Tobacco and Lead Exposure Associated with ADHD

Posted on 03 Dec 2009 in Special Education, Student Behavior | Comments Off on Tobacco and Lead Exposure Associated with ADHD

Yesterday, I blogged with skepticism about the association between smoking during pregnancy and ADHD based on one research study. But today, I find myself staring at another research study with similar findings. I found this report in a tweet about a blog posted today by Education Week (a leader in education news).

Significant News


According to the Education week blog, research done at Cincinnati Children’s Hospital Medical Center found that:

Children exposed prenatally to tobacco, and those exposed to lead in childhood, have a higher risk of developing attention deficit hyperactivity disorder

This research was published in the journal Pediatrics (PEDIATRICS Vol. 124 No. 6 December 2009, pp. e1054-e1063), a widely respected medical journal. The study examined over 2,500 children ages 8-15 and concluded that

A total of 8.7% of children met criteria for ADHD. Prenatal tobacco exposure and higher current blood lead concentrations were independently associated with ADHD. Compared with children with neither exposure, children with both exposures had an even greater risk of ADHD than would be expected if the independent risks were multiplied.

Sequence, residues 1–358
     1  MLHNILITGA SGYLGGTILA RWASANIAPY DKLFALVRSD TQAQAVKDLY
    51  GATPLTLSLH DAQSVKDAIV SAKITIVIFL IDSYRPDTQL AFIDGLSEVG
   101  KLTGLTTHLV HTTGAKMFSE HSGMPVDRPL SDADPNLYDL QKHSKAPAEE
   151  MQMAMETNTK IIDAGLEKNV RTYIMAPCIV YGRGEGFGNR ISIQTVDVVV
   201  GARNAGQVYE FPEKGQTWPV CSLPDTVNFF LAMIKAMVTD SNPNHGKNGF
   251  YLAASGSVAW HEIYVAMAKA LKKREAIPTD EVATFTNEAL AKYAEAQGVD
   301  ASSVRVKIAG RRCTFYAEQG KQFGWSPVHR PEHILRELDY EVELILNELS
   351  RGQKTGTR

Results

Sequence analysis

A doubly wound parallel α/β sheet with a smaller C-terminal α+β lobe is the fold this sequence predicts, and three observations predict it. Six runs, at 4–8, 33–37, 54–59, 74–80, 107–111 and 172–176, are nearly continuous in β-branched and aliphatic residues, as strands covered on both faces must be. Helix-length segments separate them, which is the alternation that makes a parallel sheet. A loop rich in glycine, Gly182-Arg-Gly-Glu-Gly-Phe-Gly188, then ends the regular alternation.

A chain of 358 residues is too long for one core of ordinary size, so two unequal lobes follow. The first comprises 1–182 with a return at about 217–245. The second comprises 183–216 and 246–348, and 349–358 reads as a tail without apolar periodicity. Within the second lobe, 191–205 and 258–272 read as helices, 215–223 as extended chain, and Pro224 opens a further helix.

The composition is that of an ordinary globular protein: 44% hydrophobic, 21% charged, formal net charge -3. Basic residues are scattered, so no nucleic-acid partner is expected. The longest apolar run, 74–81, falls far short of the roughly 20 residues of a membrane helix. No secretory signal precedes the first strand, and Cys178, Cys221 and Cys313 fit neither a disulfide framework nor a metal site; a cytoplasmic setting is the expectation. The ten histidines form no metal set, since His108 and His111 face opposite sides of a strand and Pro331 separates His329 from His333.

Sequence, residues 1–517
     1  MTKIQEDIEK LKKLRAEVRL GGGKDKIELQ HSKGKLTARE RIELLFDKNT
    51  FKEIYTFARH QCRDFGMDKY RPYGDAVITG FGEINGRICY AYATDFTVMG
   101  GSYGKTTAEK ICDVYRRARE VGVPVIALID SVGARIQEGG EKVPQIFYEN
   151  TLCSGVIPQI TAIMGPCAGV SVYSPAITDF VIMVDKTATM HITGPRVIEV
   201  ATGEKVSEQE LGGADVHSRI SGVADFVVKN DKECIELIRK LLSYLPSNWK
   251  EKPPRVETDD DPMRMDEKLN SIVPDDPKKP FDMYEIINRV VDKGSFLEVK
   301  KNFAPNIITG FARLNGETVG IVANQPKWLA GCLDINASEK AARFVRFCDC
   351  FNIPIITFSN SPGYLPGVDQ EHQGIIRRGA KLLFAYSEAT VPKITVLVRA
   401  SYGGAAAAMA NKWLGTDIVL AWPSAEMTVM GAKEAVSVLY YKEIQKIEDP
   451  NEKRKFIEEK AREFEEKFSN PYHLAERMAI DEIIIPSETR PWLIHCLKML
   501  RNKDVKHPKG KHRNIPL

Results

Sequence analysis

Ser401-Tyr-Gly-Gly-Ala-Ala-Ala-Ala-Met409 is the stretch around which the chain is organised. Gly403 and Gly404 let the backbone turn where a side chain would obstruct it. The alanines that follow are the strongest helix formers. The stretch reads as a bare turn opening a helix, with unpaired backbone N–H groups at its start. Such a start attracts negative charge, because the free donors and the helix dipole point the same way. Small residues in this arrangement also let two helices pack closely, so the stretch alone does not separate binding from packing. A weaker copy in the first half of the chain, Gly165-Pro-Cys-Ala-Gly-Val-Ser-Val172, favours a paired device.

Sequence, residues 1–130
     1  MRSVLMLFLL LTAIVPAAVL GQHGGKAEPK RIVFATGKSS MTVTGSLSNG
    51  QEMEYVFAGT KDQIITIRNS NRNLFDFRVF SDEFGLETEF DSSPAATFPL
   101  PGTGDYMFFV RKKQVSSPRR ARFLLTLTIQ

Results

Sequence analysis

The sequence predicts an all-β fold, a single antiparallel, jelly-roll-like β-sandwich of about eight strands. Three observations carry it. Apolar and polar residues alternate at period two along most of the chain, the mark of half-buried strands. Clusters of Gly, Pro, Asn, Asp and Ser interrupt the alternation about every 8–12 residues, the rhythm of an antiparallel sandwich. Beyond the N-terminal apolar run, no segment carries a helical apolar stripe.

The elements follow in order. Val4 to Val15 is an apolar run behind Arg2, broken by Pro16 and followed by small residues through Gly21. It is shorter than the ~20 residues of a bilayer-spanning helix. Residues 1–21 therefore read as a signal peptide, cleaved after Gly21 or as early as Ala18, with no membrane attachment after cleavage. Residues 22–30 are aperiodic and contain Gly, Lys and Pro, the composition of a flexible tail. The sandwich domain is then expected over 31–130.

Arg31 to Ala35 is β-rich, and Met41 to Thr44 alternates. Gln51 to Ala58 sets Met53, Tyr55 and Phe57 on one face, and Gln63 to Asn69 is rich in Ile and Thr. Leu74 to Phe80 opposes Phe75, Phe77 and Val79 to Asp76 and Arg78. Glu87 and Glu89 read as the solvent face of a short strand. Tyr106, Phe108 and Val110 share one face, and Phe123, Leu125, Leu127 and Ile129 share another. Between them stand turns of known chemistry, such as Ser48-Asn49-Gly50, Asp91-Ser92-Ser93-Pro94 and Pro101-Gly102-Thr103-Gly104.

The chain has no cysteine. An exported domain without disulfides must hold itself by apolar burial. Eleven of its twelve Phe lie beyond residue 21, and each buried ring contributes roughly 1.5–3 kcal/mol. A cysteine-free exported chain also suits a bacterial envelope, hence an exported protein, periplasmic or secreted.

Questions

My questions from yesterday’s blog here at Mr.ChuckChuck still stand. Additionally, I ask:

  • What does this mean for us in education?
  • What does this mean for teachers working with students with ADHD or other behavioral problems?
  • It looks like in some cases, ADHD may be preventable. What will we do with this info?
  • Shouldn’t the number of students identified with ADHD be decreasing in America/Canada since we have eliminated lead from paint and other substances for many years and the nation trend seems to be that smoking is decreasing due to the number of restrictions being placed on smokers?
  • Shouldn’t ADHD be more prevalent in cultures with a high number of smokers? Is this the case?

Research and studies like this should definitely give smokers pause knowing that their behavior can directly lead to disabilities in others. This should also give non-smoking advocates more power and tenacity to further reduce the influence of cigarette and big tobacco companies knowing that their product can cause disabilities not only in the user of their product, but also in innocent by-standers. I wonder if we will see arguments in court using these studies anytime soon?

How do you feel about this issue?

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